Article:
The Turbulent Term of Tyke Tiler

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The Turbulent Term of Tyke Tiler
Tyke Tiler cover.jpg
Front cover of first edition
Author Gene Kemp
Illustrator Carolyn Dinan (1977)
Kenny McKendry (1994)
Country United Kingdom
Language English
Series Cricklepit
Genre Children's adventure novel, gender bender, day school story, comedy
Publisher Faber and Faber
Publication date
7 February 1977
Media type Print (hardback and paperback)
Pages 118 pp (first edition)
ISBN 0571109667
OCLC 3224554
LC Class PZ7.K3055 Tu[1]
Followed by Gowie Corby Plays Chicken

The Turbulent Term of Tyke Tiler is a children's day-school adventure novel by Gene Kemp, first published by Faber in 1977 with illustrations by Carolyn Dinan. Set at Cricklepit Combined School in southern England, a fictional primary school for ages 4 to 12, it inaugurated the series of seven books (1977 to 2002) that is sometimes called the Cricklepit Combined School series.[2][3] According to a later publisher, "Kemp is widely acclaimed for giving the school story a new lease of life" with The Turbulent Term and its Cricklepit sequels.[4]

Kemp won the annual Carnegie Medal from the Library Association, recognising the year's best children's book by a British subject, and one of the "Other Awards" from Children's Rights Workshop.[4][a]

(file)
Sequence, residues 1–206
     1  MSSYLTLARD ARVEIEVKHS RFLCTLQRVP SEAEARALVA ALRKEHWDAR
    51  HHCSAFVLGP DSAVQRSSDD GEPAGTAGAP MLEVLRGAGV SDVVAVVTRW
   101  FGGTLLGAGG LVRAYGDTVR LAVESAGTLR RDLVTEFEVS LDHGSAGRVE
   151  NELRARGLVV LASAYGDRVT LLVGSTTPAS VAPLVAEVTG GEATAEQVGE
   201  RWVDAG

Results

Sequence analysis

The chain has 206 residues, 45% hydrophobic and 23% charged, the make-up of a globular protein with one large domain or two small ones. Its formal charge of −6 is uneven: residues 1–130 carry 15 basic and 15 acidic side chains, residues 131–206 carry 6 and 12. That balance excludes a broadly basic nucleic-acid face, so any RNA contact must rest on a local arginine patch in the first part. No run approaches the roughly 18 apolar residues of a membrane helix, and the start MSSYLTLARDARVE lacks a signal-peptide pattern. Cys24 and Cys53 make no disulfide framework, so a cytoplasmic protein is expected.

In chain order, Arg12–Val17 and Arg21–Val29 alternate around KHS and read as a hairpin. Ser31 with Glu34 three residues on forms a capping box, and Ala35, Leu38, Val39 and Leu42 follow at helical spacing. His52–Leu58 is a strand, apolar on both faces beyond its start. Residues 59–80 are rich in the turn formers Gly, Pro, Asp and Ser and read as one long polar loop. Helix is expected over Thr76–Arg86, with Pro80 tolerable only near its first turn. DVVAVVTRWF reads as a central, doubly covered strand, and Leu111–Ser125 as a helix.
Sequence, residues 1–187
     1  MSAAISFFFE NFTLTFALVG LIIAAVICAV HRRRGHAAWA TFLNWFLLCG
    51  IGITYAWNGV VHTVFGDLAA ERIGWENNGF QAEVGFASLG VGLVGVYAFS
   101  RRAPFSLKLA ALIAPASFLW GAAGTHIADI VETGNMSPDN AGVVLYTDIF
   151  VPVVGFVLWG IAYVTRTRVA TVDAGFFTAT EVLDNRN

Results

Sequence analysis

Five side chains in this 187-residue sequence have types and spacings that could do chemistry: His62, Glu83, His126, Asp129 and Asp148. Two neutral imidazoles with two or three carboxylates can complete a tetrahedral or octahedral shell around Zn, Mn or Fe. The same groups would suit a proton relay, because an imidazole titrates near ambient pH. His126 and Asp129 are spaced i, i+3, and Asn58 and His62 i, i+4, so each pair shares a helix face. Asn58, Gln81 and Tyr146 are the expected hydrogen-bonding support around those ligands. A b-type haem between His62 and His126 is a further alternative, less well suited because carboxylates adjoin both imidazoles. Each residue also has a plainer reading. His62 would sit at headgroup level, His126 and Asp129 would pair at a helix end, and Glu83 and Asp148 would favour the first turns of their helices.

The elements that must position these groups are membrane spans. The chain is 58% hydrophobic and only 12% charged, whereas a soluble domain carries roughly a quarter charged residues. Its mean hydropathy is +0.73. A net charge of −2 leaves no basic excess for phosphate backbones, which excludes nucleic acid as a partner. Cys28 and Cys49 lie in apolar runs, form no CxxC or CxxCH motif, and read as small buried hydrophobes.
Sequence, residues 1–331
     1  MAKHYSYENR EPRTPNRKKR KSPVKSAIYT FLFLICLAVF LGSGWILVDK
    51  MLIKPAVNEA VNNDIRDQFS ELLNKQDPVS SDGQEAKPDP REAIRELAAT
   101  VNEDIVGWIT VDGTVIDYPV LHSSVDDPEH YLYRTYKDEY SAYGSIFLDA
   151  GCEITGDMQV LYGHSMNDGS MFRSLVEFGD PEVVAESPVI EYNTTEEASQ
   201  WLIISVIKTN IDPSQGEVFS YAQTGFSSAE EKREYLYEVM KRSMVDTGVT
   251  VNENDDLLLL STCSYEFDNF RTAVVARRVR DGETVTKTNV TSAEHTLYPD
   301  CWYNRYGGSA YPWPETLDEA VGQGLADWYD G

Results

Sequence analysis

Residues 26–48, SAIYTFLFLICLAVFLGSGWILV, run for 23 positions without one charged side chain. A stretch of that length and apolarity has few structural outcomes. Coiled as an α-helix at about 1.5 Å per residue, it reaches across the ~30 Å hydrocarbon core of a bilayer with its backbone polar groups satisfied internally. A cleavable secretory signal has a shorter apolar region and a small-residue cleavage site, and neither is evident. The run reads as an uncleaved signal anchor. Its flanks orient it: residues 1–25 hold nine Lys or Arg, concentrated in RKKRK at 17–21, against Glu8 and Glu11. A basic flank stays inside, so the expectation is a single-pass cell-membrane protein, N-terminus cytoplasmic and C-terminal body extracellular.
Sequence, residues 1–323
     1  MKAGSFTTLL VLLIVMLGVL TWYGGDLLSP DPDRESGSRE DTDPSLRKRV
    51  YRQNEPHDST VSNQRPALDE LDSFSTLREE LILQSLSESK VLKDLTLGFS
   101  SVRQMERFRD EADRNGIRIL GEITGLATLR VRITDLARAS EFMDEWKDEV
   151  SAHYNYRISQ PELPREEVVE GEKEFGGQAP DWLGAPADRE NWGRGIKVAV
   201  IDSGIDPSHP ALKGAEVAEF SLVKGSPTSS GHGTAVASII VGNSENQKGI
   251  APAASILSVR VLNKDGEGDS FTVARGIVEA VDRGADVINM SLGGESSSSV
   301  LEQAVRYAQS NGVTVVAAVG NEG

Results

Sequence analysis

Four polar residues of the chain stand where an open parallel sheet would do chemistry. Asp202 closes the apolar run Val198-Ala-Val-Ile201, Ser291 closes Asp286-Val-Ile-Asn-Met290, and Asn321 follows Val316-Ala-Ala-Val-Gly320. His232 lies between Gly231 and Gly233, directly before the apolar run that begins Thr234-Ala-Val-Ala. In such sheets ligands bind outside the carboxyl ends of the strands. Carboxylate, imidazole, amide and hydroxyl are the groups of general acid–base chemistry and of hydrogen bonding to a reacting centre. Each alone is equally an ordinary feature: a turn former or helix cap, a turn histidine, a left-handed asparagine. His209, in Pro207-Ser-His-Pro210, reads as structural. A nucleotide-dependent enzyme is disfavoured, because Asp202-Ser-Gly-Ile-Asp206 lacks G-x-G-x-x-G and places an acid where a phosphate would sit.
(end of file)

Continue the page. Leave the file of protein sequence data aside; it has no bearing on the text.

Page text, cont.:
The author adapted the novel as a play, published under the same title by Oxford in 2003 (Oxford Playscripts, ISBN 019831499X), "tailored to support the KS3 Framework for Teaching English".[5]

A television adaptation was made by Yorkshire Television and broadcast on ITV in 1988 as part of The Book Tower.[6]

Plot summary[edit]

The book tells the story of its main characters' final term at Cricklepit Combined School. It is principally narrated by 'Tyke' Tiler, a bold and athletic twelve-year-old with the reputation of being a troublemaker. Tyke's best friend Danny Price has a speech defect, which means Tyke often has to translate for him. Danny has a helpless air which leads him to depend on his often exasperated friend. When Tyke overhears some teachers discussing the possibility of Danny going to a special school next year, the only option seems to be to help Danny to cheat in the assessment test – a plan which naturally backfires.

When Tyke is off sick, Danny is accused of stealing a gold watch and runs away. It is up to Tyke to persuade the headmaster that Martin and Kevin are the guilty ones, and to find Danny.